This was a complicated book list for me to make, not because there is a dearth of early chapter books about school for kids, but because there is a plethora. I could make a never-ending list because nearly every chapter book series either centers around school situations or has at least one installment that does. So I decided to narrow it down to cover a variety of school situation and diverse characters.
This list includes school chapter books about everything from field trips, new kids, first day-jitters, grades, alternative learning styles, dealing with (or being) a bully and more.
The reading level of these books is approximately 6-10 years old, but of course every child is different. Most are considered “early chapter books”, but a couple are closer to the middle grade level (I’ve indicated which ones). All of them have appropriate content for ages 5 and up so very early readers can enjoy them, too. You can read my parent tips for choosing chapter books here. (Note: book titles and covers are affiliate links)
The New Kid: The Carver Chronicles by Karen English (series). This is the first and just-published book in a brand-new series about third-grader Gavin, who is starting a new school. When he and his friends get into trouble his punishment is to take care of his aunt’s annoying little Pomeranian. The bow-bedecked dog is seriously interfering with his attempt to prove himself “cool”! I think a lot of kids will relate to Gavin. I liked this realistic book and look forward to more in the series.
West Meadow Detectives: The Case of the Snack Snatcher by Liam O’Donnell (series). Myron is a special needs third grader on the spectrum. He loves to solve mysteries at school with the help with his friend, Hajrah another student in the resource room. This series is great for its positive representations of non-neurotypical and diverse students.
Lola Levine is Not Mean by Monica Brown, illustrated by Angela Dominguez. I really enjoy the Lola Levine series, and this is the first book about a likable, intelligent half-Jewish, half-Peruvian protagonist. Lola loves to play soccer but is distressed when she accidentally hurts a classmate and the other kids start to call her “Mean Lola Levine.” Lola figures out a plan to change everyone’s mind and show them that she is really a nice person and good friend.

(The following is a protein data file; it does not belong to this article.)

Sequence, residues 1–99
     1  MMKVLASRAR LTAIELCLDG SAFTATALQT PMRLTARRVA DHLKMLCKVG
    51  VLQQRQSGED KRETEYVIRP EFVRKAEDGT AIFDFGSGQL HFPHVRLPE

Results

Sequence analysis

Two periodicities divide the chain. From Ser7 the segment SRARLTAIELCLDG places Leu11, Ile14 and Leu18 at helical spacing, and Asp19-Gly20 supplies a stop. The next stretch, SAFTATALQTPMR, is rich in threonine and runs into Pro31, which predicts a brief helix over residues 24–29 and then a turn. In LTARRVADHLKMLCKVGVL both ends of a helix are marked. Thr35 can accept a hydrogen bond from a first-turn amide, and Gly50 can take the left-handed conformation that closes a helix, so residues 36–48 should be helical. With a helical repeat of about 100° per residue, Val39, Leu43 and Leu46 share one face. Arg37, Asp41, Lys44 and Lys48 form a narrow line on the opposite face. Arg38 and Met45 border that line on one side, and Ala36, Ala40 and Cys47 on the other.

The Great Pet Escape by Victoria Jamieson. Jamieson is the author of the popular Roller Girl. This is the first book in a graphic novel series, Pets on the Loose. A class pet, GW the hamster, has collected enough classroom debris to create a machine to allow him to escape his cage. He sets out to free the other class pets where chaos and hijinks ensue. My 3rd grader loved this one!
Kelsey Green, Reading Queen (Franklin School Friends series) by Claudia Mills. In this first installment of chapter books about, Kelsey and her classmates are participating in a school reading contest. Kelsey is distressed to find out that she is not leading the pack with the most books read so she starts to read shorter books in order to catch up even though she is an advanced reader. Kelsey, however, ends up finding more pleasure in helping one of her friends who is a struggling reader.
8 Class Pets + 1 Squirrel ÷ 1 Dog = Chaos by Vivian Velde. This was one of the most hilarious read alouds the boys and I have ever enjoyed. Each chapter is told from a different animal’s point of view as a dog chases a squirrel through various classrooms in and elementary school, each with its own class pet. Riotous, great giggly fun.
The Life of Ty: Penguin Problems. This series by Lauren Myracle follows Ty as he navigates having a new baby sister, his best friend in the hospital, and a class trip to the aquarium. Grown-ups may find the resolution of the “penguin problem” to be a bit simplistic, but neither of my kids minded when I read this early chapter book aloud to them. They were much more focused on the humorous complications taking a penguin home could cause. I believe this is set to become a series.
Clementine and the Spring Trip by Sara Pennypacker (series). Clementine is one of my most recommended early chapter book series when my mom-friends ask me for suggestions. Although school events feature in all of the book, this one in particular stands out. Clementine is preparing for a school trip to Plimoth Plantation and has to deal with “silent eating” (no crunching, smacking, snicking, slurping or gulping), a smelly school bus, the new girl who speaks a made-up language (but who is also named after a food) and the shock of seeing her principal in non-principal shoes.